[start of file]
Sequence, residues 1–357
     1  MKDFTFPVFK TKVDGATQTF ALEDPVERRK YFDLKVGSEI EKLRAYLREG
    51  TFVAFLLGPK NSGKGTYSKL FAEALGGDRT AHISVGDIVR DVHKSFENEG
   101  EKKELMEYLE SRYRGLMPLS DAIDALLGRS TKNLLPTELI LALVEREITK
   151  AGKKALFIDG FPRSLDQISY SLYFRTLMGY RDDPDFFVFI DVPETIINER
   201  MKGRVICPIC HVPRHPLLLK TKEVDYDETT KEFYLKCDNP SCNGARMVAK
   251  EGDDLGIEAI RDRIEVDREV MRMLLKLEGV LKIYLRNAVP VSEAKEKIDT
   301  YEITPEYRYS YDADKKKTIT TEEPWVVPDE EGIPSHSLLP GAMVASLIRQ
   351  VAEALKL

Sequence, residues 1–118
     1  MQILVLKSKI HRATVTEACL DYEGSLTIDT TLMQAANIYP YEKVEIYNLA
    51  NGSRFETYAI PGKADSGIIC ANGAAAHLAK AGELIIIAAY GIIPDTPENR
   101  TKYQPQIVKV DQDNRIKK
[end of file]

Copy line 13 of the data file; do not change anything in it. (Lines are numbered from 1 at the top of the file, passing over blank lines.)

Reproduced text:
   101  TKYQPQIVKV DQDNRIKK